It is necessary to fork to create the read end of the pipe, but
not for the write end of the pipe (and the write end of the pipe
is the supplier of jobs information).  It is just as easy to
write to the file descriptor for a pipe as it is to write to
the file descriptor for a file.  His shell and the several I just
tested are broken because they chose to take the lazy approach by
forking instead of juggling file descriptors in the current shell.
IT CAN BE DONE RIGHT, and from the responses, I gather the HPUX
people did do it right.

Actually, in a degenerate case, you could pipe from one built-in
to another, as long as you didn't ever send more than 4K before
you read it (ie, "history -hr 8 | source -h" would append your
last 8 events in reverse order onto your history list if source
accepted input from the standard input).
-- Brian Katzung   ihnp4!laidbak!katzung

 
 
 

C-shell idiosyncracy ??

Post by Kyle Jon » Fri, 02 Nov 1990 14:04:00




> >[1]  + Stopped         emacs foo
> >{samsun} jobs | more
> >{samsun}

> >So, for some reasons I just cannot pipe the output of "jobs".

> To see why this happens, consider how pipes are implemented.
> After creating a pipe, it is necessary to fork.  A fork is
> not the parent of any of its parent's processes, hence a
> forked sub-C-shell must forget all its parent's jobs.

No, it means the forked child C-shell cannot wait() for them.  The
internal information that csh stores about process states is available
to the child, so why couldn't this information be used?  It would be
wrong in some instances (e.g. a process exits in the meantime) but the
parent C-shell will notice and print updated information at the next
prompt (or immediately if notify is set).


 
 
 

C-shell idiosyncracy ??

Post by Marc Milgr » Fri, 02 Nov 1990 05:23:00


Subject: Re: C-shell idiosyncracy ??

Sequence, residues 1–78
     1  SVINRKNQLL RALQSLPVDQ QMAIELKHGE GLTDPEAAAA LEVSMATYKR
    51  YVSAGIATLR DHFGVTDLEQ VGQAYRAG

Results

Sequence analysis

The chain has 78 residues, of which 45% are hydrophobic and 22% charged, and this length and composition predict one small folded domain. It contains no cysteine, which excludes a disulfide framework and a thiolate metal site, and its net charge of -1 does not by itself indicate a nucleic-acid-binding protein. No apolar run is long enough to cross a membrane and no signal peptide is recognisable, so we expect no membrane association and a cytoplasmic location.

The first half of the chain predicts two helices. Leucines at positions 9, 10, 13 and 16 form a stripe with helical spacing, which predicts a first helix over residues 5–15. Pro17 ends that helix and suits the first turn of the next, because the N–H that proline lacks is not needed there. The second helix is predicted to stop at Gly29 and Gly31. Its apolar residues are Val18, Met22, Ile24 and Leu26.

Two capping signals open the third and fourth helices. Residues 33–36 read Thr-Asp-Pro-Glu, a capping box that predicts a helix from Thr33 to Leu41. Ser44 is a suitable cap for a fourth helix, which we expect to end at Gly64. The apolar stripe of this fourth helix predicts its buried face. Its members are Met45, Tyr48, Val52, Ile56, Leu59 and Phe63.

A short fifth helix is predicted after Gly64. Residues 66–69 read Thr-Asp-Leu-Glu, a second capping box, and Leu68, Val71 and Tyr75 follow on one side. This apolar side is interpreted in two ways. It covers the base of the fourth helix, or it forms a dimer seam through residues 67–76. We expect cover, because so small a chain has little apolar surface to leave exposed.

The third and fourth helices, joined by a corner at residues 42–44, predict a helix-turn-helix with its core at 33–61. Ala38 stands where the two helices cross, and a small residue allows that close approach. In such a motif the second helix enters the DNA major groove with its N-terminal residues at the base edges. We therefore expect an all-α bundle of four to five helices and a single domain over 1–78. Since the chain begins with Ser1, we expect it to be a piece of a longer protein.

Quote:> It seems that I can redirect the output of a C-shell command
> to a file, but I cannot pipe it to some other command. Logically,
> this should not have happened. Anyway, the following happens
> for C-shell as well as for korn-shell.

> {samsun} jobs
> [1]  + Stopped             emacs foo
> {samsun} jobs > bar

In this case, csh redirects its own output, then finds what jobs it is
running.

But:

Quote:> {samsun} cat bar
> [1]  + Stopped             emacs foo
> {samsun} jobs | more
> {samsun}

In this case, csh finds there is a pipe (|) in the command, so it
spawns off a csh which finds that it is not running any subprocessies.

        -Marc Milgram

 
 
 

C-shell idiosyncracy ??

Post by Chris Tor » Fri, 02 Nov 1990 07:52:00


As several people have pointed out, it is possible (not necessarily
easy) to have builtin commands run as the source or sink of a
pipeline (although at most one such source or sink).  The question

what I answered.

Actually, to be even more specific, csh forks the head ends of all
pipes.  The tail end of a pipe will be done directly by csh if the
command is a csh builtin.  Contrast this with sh, which forks the
tail ends of pipes first:

        a | b | c | d | e &

In csh, you might get

        % jobs
        [1]     714 Runnning            a |
                715                     b |
                716                     c |
                717                     d |
                718                     e

In sh, had it a jobs command, these might be listed as

        718 Running     a |
        717             b |
        716             c |
        715             d |
        714             e

In particular, in csh, builtins are run directly by the shell when
they are at the tail end of pipes.  This is the most straightforward
implementation, given the direction of creation shown above.  Try,
for instance,

        % jobs | cat

and

        % cat /dev/null | jobs

The former produces no output; the latter lists some jobs, then
prints

        Reset tty pgrp from xxx to yyy

---which just goes to show that there are bugs in csh (what a
revelation :-) !).  Indeed, it is necessary to do another `jobs'
command to flush the `cat | jobs' job from csh's joblist.  Also
incidentally, this particular bug would wreak havoc with tty signals
(interrupt, stop) if any of csh's builtins were long-running.

Were csh more clever, it could indeed either avoid forking the jobs
command in `jobs | more' (but at least one `jobs' in `jobs | jobs |
more' must be forked), or defer forgetting about its parent's jobs.
Csh is just not that clever.

Having once again demonstrated that I can write more exposition
on a smaller subject than anyone else :-), I now return you to
your regular netnews,
--
In-Real-Life: Chris Torek, Univ of MD Comp Sci Dept (+1 301 454 7690)